Michael Kosowsky, of HeyWhatsThat.com — a site that generates horizons for specific locations from DEM data — has emailed friends of the site to announce compatibility with Google Sky.
This is the first Earth-Sky mashup I’ve come across, and it’s a tour de force. I’ll let Michael explain: (slightly edited)
- At http://www.heywhatsthat.com generate a new panorama or view an existing one.
- Hit the new “at night” button just below the “View in Google Earth by day” button.
- Google Earth opens, switches to sky mode, and overlays the celestial sphere with the horizon, visible summits and an azimuth-altitude grid for that location at the current time.
Google Sky isn’t as good as other astronomy applications at some tasks. For example, there’s no way to indicate what portion of the sky is visible from a given location at a given time. But because Google Earth is extensible, third parties can provide functionality. And since HeyWhatsThat.com specializes in drawing your horizon…
So now when you’re looking at a panorama on HeyWhatsThat, you’ll find that instead of a “View on Google Earth” button there are two buttons: “View in Google Earth by day” and “at night”. Hit “at night” and Google Earth will open up and overlay the celestial sphere with your computed horizon and peaks and an azimuth-altitude grid reflecting the state of the sky at that instant.
You may find you have to manually switch to sky view, and if you don’t see the overlays — blue horizon line, red summit markers, and green grid lines — you’ll have to refresh the network link you just loaded: look in Google Earth for an entry on the left under Temporary Places labeled something like “Planisphere for XXXX (current),” right-click on it, and select “refresh.” And note that you can refresh it any time and the horizon will be adjusted to the current time.
(Advanced question: should I just send down the KML file rather than a NetworkLink when you click “at night”? A link that you can refresh at any time to update to current conditions is real nice, but in my testing GE hasn’t been completely reliable about refreshing the Network Link when it first receives it, forcing the complexity of the previous paragraph.)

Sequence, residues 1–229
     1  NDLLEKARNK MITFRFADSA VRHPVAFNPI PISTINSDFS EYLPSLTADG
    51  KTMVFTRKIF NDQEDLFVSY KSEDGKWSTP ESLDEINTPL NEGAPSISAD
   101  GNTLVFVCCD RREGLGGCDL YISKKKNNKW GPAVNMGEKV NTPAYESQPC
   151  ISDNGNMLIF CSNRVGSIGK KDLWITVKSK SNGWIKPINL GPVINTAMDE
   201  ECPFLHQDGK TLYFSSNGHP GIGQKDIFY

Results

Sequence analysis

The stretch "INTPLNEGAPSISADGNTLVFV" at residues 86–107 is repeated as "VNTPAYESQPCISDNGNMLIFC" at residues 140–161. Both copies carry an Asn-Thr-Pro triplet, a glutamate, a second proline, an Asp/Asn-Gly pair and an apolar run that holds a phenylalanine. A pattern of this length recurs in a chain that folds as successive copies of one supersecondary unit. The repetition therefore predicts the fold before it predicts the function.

Unfortunately, it’s been cloudy every night since the Google Sky announcement, so I haven’t been able to field test this code, but it does nicely match my childhood planisphere. In particular, I don’t currently correct for astronomical refraction, which should depress the apparent horizon by half a minute of arc; maybe tonight I’ll get to see if that would be useful.
You can do more by crafting custom URLs, including computing the horizon for any specified time and for any arbitrary latitude and longitude, even locations above 60 degrees north and below 54 degrees south where we don’t have elevation data. For example,
refers to that latitude and longitude at the current time, and
refers to the computed panorama for Bald Mountain at 10:20pm EDT on August 23. Browse to either of those links and you’ll receive the corresponding KML file; create a network link using them and you’ll be able to refresh the link at any time. See the technical FAQ for details.
If you use a URL for a fixed latitude/longitude (e.g. the first example above), the computation assumes a flat horizon, rather than trying to compute the true horizon by finding all the mountains. Arguably this is adequate for most applications — one seasoned amateur astronomer pointed out that your horizon can be off by as much as five degrees and you won’t care, because most of the time you’re looking higher in the sky — but then you can’t answer questions like “Hey, what’s that right above Bald Mountain?”
Just one note: Using a Mac with Firefox returned files with “.cgi” as the suffix, and these did not load in Google Earth. I manually changed the suffix to “.kml”, after which they loaded just fine. Fixed.
I’m so glad this blog is writing itself this week:-)